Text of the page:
When it comes to the safety of school children, California’s lawmakers aren’t messing around. They expect every single driver to know when they are in a school zone and to drive with even more care. If you’re caught speeding in a school zone, you should expect that the patrol officer who pulls you over will be writing a ticket and that the ticket will hurt your monthly budget.
The first thing you should know when you’re pulled over for speeding in a school zone is that you won’t be able to use ignorance as an excuse for your speeding. California is very good about making sure school zones are well marked so the only reason you wouldn’t know is if you weren’t paying attention to the signs. The fact that you missed the signs indicates you were distracted which could prompt the officer to write two tickets, one for speeding in a school zone and one for distracted driving. Things will get even worse if you were distracted because you were using your cell phone while driving.
California is diligent about clearly marketing all roadways that are within 500 feet of a school. As soon as you pass one of these signs, you should decrease your speed to 25 mph unless it’s marked otherwise. Anything above 25 mph is considered speeding. In addition to watching for speeding, you should expect that any patrol officers who are in the area will also be on the lookout for other dangerous moving violations that include failure to yield at stop signs, reckless driving, and using a cell phone while driving.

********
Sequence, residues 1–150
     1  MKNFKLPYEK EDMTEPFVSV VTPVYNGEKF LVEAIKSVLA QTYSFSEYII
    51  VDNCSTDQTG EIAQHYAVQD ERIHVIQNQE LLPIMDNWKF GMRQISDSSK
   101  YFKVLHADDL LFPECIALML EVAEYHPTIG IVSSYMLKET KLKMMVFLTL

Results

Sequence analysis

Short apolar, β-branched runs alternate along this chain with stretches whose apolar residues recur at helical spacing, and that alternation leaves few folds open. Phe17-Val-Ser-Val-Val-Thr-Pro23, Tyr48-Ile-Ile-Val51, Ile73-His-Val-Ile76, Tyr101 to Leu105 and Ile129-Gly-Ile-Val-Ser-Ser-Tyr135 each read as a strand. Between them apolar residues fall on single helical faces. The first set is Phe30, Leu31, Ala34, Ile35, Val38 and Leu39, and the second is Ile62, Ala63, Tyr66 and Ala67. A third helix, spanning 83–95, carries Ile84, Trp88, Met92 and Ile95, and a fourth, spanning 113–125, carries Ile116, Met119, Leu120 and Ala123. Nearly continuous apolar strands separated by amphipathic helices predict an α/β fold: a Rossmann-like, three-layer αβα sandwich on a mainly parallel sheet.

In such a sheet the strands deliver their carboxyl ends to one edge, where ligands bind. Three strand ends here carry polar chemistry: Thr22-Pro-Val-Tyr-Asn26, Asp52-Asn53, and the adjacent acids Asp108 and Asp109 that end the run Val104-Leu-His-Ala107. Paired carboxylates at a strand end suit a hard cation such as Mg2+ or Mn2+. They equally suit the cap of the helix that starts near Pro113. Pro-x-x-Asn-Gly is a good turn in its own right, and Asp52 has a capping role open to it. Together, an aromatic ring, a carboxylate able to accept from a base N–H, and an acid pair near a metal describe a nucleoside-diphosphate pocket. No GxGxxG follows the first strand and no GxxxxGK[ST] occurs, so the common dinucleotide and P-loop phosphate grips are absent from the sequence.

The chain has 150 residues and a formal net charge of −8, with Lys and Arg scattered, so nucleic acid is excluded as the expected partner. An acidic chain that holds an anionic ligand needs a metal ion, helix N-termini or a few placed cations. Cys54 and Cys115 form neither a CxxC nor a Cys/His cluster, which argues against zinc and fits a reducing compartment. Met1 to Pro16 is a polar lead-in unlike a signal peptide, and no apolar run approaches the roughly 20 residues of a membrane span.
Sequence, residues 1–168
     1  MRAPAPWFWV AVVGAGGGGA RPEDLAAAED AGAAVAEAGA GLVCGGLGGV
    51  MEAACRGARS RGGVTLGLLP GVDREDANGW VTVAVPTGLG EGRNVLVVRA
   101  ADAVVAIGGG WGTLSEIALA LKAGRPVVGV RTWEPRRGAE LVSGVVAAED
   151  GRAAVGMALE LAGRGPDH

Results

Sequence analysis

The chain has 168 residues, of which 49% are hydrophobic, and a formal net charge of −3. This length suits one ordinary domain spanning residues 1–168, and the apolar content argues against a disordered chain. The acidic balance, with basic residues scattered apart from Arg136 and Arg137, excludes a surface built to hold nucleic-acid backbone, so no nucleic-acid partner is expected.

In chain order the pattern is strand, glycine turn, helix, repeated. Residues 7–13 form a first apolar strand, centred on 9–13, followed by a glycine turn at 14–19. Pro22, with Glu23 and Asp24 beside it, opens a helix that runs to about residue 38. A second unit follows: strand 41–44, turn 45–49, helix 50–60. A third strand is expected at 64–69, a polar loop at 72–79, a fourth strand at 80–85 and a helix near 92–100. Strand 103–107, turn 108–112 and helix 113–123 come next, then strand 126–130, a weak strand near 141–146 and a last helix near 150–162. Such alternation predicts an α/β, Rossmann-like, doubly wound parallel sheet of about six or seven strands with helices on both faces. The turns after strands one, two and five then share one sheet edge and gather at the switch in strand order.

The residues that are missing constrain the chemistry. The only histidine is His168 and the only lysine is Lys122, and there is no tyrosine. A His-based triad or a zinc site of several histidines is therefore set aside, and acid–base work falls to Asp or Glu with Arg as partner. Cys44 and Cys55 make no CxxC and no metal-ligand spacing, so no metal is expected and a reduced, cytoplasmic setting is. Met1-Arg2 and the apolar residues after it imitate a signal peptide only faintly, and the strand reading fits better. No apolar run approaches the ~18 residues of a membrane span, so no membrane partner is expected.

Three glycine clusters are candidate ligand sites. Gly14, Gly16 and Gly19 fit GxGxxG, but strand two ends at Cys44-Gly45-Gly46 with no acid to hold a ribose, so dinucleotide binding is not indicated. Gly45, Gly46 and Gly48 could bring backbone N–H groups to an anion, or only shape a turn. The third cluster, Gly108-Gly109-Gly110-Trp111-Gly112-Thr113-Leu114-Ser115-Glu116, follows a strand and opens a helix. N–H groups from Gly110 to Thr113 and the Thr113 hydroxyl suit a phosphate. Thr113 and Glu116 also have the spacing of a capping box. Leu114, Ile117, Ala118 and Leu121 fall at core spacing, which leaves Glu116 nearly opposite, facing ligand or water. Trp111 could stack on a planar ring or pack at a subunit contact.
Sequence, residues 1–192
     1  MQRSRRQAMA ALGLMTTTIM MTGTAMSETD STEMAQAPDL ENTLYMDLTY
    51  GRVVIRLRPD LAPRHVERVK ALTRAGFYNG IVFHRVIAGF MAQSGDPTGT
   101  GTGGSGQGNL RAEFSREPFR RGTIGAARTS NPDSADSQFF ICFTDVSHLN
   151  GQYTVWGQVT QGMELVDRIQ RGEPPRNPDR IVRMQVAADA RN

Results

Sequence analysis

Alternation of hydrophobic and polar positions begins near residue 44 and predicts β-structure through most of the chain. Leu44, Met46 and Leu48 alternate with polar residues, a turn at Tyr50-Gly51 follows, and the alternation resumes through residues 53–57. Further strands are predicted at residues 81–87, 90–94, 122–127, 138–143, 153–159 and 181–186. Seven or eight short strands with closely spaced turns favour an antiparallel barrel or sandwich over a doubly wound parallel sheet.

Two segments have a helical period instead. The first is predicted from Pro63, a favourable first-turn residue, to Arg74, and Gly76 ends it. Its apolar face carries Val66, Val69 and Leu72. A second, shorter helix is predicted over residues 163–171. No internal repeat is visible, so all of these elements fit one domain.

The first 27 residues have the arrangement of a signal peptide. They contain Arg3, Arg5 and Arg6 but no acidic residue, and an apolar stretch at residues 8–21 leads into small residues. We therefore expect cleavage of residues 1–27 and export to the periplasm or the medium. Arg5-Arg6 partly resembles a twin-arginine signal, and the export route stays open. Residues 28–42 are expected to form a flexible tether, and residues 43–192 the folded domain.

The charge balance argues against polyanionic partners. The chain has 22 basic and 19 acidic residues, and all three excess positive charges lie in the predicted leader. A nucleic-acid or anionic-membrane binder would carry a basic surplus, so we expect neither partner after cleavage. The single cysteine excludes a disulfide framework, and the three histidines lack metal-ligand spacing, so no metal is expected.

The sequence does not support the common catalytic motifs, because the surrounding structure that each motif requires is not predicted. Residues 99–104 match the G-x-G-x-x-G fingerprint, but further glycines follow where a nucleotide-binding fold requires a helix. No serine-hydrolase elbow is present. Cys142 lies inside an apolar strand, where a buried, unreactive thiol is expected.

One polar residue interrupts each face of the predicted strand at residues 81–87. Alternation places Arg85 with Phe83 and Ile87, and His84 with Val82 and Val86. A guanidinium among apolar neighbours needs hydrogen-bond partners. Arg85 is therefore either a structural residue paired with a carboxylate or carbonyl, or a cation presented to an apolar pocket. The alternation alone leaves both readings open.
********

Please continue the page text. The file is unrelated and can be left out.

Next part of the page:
If you’re caught speeding in a school zone, you’ll get a ticket that’s more expensive than what you’d receive if you’d been speeding anywhere else. School zone traffic infractions are higher than other infractions. If you’re caught going up to 15 mph over the school zone speed limit, the ticket is $99. Anything between 15 mph and 25 mph above the school zone’s safe speed limit is $175. If you’re going more than 26 mph over the posted limit you’ll get a ticket for $350. Remember those costs only cover the basic speeding, there are additional costs, including court costs, you’ll have to pay.